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SHENGTON 01-11-2009 08:41 AM

Question regarding this line "Free taken as in free speech, not free beer"
 
Hi experts, good day. :)

I have a question regarding this line "Free taken as in free speech, not free beer.". Richard Stallman said that line. What does it mean?

I'll wait for your answers.

Thanks and God bless. :)

acid_kewpie 01-11-2009 08:45 AM

free speech means free as in liberty. Not being in prison etc...

free beer means zero cost. i.e. no financial element. You might only get your beer if you swear allegiance to Bush / God / Satan, which affects your liberty, but you still got it without paying.

SHENGTON 01-11-2009 08:50 AM

Thanks Sir acid_kewpie. But why some Linux Distros they offer free CD and pay CD like Ubuntu?

XavierP 01-11-2009 08:59 AM

Some will offer free (no cost) CDs because they have sufficient finances so that they can afford it - Canonical has a large pot of money and many contributors. Others do not have this and need to cover the cost of the media, the creation of the CD and post and packing.

David the H. 01-11-2009 09:04 AM

Stallman's goal has always been to ensure that there are always FREE options available in computing--that you always have the ability to use your own hardware and software without restriction. Whether or not FOSS software costs money doesn't matter so much; what's important is that it's not burdened by limitations on what you can do with it.

What's ironic here is that the whole purpose of the statement was to point out the difference between free and FREE in a short, easy-to-understand sound byte. You're not supposed to have to explain the explanation. :D

SHENGTON 01-11-2009 09:44 AM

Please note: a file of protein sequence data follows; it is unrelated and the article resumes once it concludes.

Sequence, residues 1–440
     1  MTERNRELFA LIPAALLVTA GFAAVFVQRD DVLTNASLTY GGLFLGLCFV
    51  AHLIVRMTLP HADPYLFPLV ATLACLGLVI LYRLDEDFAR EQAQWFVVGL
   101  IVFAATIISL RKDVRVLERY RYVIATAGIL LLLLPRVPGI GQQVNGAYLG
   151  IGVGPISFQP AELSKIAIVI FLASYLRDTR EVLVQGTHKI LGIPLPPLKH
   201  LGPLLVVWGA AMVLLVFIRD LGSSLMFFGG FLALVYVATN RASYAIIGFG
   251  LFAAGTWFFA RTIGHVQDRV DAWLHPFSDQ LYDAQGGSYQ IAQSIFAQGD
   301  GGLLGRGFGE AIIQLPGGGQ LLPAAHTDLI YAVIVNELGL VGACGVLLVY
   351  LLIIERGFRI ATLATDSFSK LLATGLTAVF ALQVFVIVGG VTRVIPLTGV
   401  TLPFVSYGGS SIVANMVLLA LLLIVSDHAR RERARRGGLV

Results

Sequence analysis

Ok now I got it. Free means you're free to modify, study, copy, and give it away but not the price. Am I right?

Some Linux distributions will sell but they are not selling the software but the services. Am I right again?

David the H. 01-11-2009 11:40 AM

That's right. Now you've got it. Although it's not actually prohibited to sell the software itself, at least under most FOSS licenses. The requirement is generally that the source code for the program must be made freely available, so you just aren't going to find many people willing to pay for it.

And yes, it's mostly in services and/or hardware that the companies make their money. But many of the operations also offer a mix of open and closed-source applications. There's no rule against running proprietary software on a free platform, after all. Also, companies can maintain control over their own trademarks, so if you want to redistribute RedHat's software, for example, you have to strip out all their trademarks and call it something else. Mozilla likewise controls the trademarks for Firefox, which is why Debian has rebranded their own version as iceweasel.

pixellany 01-11-2009 12:02 PM

It's all about business models....

With proprietary products, you make money by controlling who can make the product.

With OpenSource SW, you need another way of making money. The typical method involves providing some kind of service--packaging, documentation, support, embedding in a final product, etc.

Imagine if MS were forced to release the Windows source code, and were then dependent on their support department to make money.

jay73 01-11-2009 12:13 PM

Quote:

Imagine if MS were forced to release the Windows source code, and were then dependent on their support department to make money.
Might be a good idea. They would make a fortune finally fixing all their problems.

SHENGTON 01-11-2009 10:37 PM

Thank you so much guys.

brianL 01-12-2009 05:53 AM

Where do I get all this free beer everybody's talking about? I've been in all the pubs in Oldham asking for it, but they just laugh and throw me out. :D

onebuck 01-12-2009 07:40 AM

Hi,

You need to carry the GNU with you. :) Take the brown one to match the decor along with the beer. :)

Make sure that the GNU is service minded thus allowing entrance. Be sure to wear some dark shades.


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